Payments in North America have become increasingly dynamic over the past two to three years. As consumer demands and payment capabilities grow simultaneously, our research here at Ingenico has highlighted a number of key trends shaping the industry across the region. Take a read to see the new opportunities and challenges expected in the months to come.
Today’s consumers are all over card payments, with 40% of U.S. consumers opting for credit cards as their primary payment method, both online and offline – 35% favour debit cards. It’s no surprise then that credit card transactions are expected to represent 50% of payment revenue in North America in the next four years.
As credit cards work their magic on the continent, we’re seeing younger consumers shift their focus to a more digital affair: ePayments and mobile wallets like Apple Pay and Google Pay. Currently some 35% of millennials and more affluent North American consumers use their mobile phones to make payments both in-store and online on a regular basis – compared to 23% of consumers on average. This means we’re now level with Asia Pacific in regards to mPOS (mobile Point-of-Sale) payments, which are made by one in five smartphone users.
The adoption of eWallets isn’t just being driven by consumers, but merchants too. Innovative merchants are incorporating tailor-made loyalty initiatives into their propositions, encouraging the growth. At the same time, demand among North American consumers for security (74% said they would choose a payment card with greater security over one with greater rewards) makes mobile payments an attractive option, with the ability to view and stop transactions, as well as activate or deactivate cards as required.
Modern ways of advertising and selling via social media are certainly influencing how North American consumers browse and shop online. In 2017, nearly half of social media users made a purchase directly from a social media post – Facebook and its 240 million American users topped the list, followed by Instagram with 8.6% of purchases.
We also can’t evade the marketplace goliath: Amazon. The multinational company leads the marketplace arms race, with an estimated marketplace volume of $135 billion in the U.S. – and that’s expected to rise to $259 billion by 2020. Following the rise of Amazon and others such as Newegg, eBay and Etsy, 37.4% of U.S. consumers now shop less often in-store, exceeding the global average by 9.4%.
Still in its infancy in North America, but firmly in the development pipeline, conversational commerce (i.e. chatbots) represent another huge business opportunity. How merchants interact with consumers can make or break a brand; chatbots can enhance this engagement. However, more than half of consumers (56.4%) are still not convinced, presenting a challenge for the industry. To encourage public opinion, merchants must ensure their payments via messaging apps and voice-activated technologies become as seamless as they currently are via the web.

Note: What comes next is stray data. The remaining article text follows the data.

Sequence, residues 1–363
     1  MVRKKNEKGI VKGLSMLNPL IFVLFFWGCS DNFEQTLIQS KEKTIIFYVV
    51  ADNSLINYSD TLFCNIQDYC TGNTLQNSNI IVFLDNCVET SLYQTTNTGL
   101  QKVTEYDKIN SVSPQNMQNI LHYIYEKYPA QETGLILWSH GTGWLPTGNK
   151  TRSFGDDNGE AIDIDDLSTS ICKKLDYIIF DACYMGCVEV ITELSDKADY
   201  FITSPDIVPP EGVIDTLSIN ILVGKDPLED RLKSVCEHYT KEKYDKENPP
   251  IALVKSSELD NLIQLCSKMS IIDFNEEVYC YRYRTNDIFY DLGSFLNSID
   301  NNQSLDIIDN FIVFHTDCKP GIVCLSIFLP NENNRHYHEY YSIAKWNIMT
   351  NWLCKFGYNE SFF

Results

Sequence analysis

As controversial as a non-human sales team comes across, around a third of U.S. internet users would consider using chatbots to shop. Younger consumers like generation Z are the most likely demographic to adopt this technology – easy to anticipate, though, as they’re the ones growing up with it.
Although the U.S. has a reputation for being slower to adopt emerging payment methods than other markets around the world, this could soon be a thing of the past. Significant strides have been made in recent years and, with industry testing of real-time payments now underway, the government has made a clear commitment to embrace new technologies and drive further ePayments growth in the future.
That being said, one size does not fit all. As the divide in preferred payment methods among consumers (younger, more affluent vs. older, less affluent) continues to expand, it’s now more crucial than ever for merchants to offer a range of payment options at the checkout that are tailored to the needs of their target audience.
This is just the tip of the iceberg, though – and only one corner of the world. In the Ingenico Four Corners of Global Payments report, myself and Matias Fainbrum from the LATAM market, Nathan Salisbury from APAC, and Nick Tubb from the EMEA region, take a deep-dive into how the payments industry is evolving around the world.
Joseph Leija is General Manager, North America at Ingenico ePayments. He has over 20 years' generating top results in the banking and electronic payments industry and has worked with many of the top 100 global eCommerce merchants, enabling them to expand their businesses internationally. Before joining Ingenico ePayments, Leija worked with Sage Payment Services, helping to expand the company’s footprint among associations and Independent Software Vendors (ISVs). Prior to that, he was a Vice President with Chase Paymentech, running a team that consulted directly with merchants and supporting their global expansions. Earlier in his career, Leija worked for First Data, where he managed the Relationship Management team supporting T&E clients. In addition, Leija developed and supported the company’s international strategy. Joe serves as a board member for Payment’s Ed. He has an MBA in Finance from Loyola University Chicago, and he currently lives in San Francisco with his family.